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CLASSICAL COMPOUND, also learned compound. A COMPOUND WORD whose elements and pattern derive from a classical language, as in agriculture from LATIN, biography from GREEK. Two features distinguish such words from most VERNACULAR compounds: further words can be derived from them, such as agricultural(ly), agricultur(al)ist and biographical(ly), biographer, and there are often SUFFIX-related stress shifts in their derivational patterns, such as ágriculture/agricúltural, biógraphy/biográphical, caused in these instances by the addition of -(ic)al. Because they have long been an international resource, such compounds are both part of English and other than English; in form, they range from the entirely English dinosaur to the Neo-Latinate Tyrannosaurus.


Such compounds derive from word-forming systems absorbed to varying degrees by many modern European languages. They have been in English since the Middle Ages, but did not become common until the influx of Neo-Latinisms during the Renaissance: mystagogue 1550, androgyn˚e 1552, troglodyte 1555, geographical and hydrographer 1559. In adopting such words, English followed French rather than German, which tended to resist NEO-LATIN compounds in favour of calques like Landwirtschaft for Latin agricultura and Lebensbeschreibung or Lebensgeschichte (description or history of life) for Greek biographia (although the term Biographie is widely used). In French, adoption was wholesale and adaptation minimal: agricultura and biographia became agriculture and biographie. From French, such items passed into English with little or no adaptation in spelling.


It is functionally unimportant whether a classical compound is first used in English, French, or any other language. The elements are international and the conventions for their adaptation well established. Greek elements are usually transmitted through Latin orthography. In this system, k usually becomes c: cardiology, not *kardiology (but note leuk(a)emia, not leuc(a)emia, and both leucocyte and leukocyte). R with rough breathing becomes rh in French and English (rhinocéros, rhinoceros) or r in Italian and Spanish (rinoceronte). On occasion, a biological term may combine Greek and Latin: Tyrannosaurus rex (Greek ‘tyrant lizard’, Latin ‘king’) and Oviraptor philoceratops (Latin ‘eggsnatcher’, Greek ‘lovable horned-face’). Some binomials contain information about people and places, such as Albertosaurus sternbergi Sternberg's Alberta lizard, and Yangchuanosaurus shangyouensis the Shanghai Yangchuan lizard. The classification for naturalists developed by such taxonomists as Carolus Linnaeus is an ad-hoc system that has its own fossils; it is as likely to mark ignorance as knowledge and to express subjective as objective comment. Linnaeus classified nonflowering plants as Cryptogamia (hidden marriage), because he did not know how they reproduced. When his successors discovered the processes involved, they left the name unchanged. When the British anatomist Richard Owen coined the name dinosaur (‘terrible lizard’, 1841) for the extinct reptiles whose skeletons were found in rock strata, Romanticism contributed more than science.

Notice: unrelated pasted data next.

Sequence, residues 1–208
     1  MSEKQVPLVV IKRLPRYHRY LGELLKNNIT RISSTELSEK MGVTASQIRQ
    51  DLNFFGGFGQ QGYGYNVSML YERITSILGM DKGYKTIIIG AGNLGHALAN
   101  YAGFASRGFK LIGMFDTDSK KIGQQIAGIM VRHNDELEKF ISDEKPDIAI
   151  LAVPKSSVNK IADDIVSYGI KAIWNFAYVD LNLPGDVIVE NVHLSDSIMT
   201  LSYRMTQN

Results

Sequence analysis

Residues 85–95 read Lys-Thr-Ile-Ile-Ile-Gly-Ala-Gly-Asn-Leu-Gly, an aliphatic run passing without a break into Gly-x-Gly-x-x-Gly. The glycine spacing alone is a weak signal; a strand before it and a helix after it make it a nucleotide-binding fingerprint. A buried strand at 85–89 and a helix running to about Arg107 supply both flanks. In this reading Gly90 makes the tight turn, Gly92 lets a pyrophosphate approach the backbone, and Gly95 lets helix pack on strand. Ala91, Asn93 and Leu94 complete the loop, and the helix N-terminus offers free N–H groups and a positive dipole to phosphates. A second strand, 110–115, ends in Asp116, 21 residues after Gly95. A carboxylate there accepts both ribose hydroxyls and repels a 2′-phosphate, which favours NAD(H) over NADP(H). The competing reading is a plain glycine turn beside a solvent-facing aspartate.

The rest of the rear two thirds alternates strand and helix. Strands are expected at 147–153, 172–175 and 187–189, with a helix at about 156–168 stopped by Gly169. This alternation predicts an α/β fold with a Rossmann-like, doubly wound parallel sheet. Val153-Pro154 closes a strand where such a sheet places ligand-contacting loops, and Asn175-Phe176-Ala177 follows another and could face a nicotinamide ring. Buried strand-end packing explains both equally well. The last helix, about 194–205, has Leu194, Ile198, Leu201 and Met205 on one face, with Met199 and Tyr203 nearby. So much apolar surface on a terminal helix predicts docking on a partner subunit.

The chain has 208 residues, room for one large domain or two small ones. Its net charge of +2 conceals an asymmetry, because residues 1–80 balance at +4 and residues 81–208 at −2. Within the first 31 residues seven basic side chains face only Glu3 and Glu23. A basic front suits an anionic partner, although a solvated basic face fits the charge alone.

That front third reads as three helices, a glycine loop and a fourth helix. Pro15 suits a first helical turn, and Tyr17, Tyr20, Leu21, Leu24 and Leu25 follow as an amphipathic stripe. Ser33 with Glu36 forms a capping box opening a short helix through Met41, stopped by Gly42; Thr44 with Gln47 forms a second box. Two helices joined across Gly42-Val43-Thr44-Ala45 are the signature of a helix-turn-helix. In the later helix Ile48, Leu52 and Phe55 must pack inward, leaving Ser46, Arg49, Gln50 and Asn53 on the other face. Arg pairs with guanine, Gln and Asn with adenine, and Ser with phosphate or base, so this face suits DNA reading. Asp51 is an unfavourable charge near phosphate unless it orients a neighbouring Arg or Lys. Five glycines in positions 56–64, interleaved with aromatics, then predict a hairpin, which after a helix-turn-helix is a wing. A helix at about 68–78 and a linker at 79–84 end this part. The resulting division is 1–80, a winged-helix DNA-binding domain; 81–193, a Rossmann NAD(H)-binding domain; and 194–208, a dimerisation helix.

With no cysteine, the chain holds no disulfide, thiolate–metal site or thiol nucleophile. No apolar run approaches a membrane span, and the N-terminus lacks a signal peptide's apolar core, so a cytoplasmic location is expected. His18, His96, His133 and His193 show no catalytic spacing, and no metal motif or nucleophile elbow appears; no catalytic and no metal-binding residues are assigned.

Uses and glosses

The compounds are part of technical usage and include the names of many scientific studies: biology, cardiology, meteorology. Such labels are often opaque and intimidating to people not trained in their use, with the result that, although tools of technical description, they have some of the features of a secret language. They may be difficult to pronounce, because of their length and suffix-related shifts in stress. Someone attempting an unfamiliar form can mispronounce it and retreat in confusion: for example, ‘Tonight we have someone interesting to talk to you, folks. He's an orni-, an ornitho-, a birdman’ (BBC disc jockey, live, 1970). The switch from ornithologist to birdman is part of a practice of explaining classical compounds by translation into everyday terms. Such glossing ranges from formal etymologies to informal paraphrases, as in: ‘The name “echinoderm” comes from the Greek echînos, a hedgehog, and dérma, the skin’; ‘The Archaeopteryx, whose name means “ancient wing”…’; ‘the reptile subclass Archosauria (ruling lizards)’; ‘Cosmology, the science of the universe’; ‘Coprolites or fossilized excrement’; ‘Cryptozoology, the quest for animals that scientists have yet to discover’.

Although such terms as neurology and Archaeopteryx are scientific, classical compounding is not confined to the sciences, and predates scientific method. In divination, compounds based on -mancy are numerous, including: necromancy divination through talking to the dead, nephelomancy through observing clouds, ophiomancy by inspecting snakes, pyromancy by watching flames, tyromancy by examining cheese. Sometimes compounds are used to impress and lend a cachet, as in cosmetology the art of applying cosmetics. They have also been coined for facetious and satirical purposes, as with odontopedology, the art of opening your mouth and putting your foot in it. Classical and vernacular elements combine to this end: escapology the carnival art of getting out of chains and cabinets, kiddology the art of kidding or conning people, sudsology the study of soap operas. See COMBINING FORM, INTERFIX, INTERNATIONAL SCIENTIFIC VOCABULARY, WORD-FORMATION.

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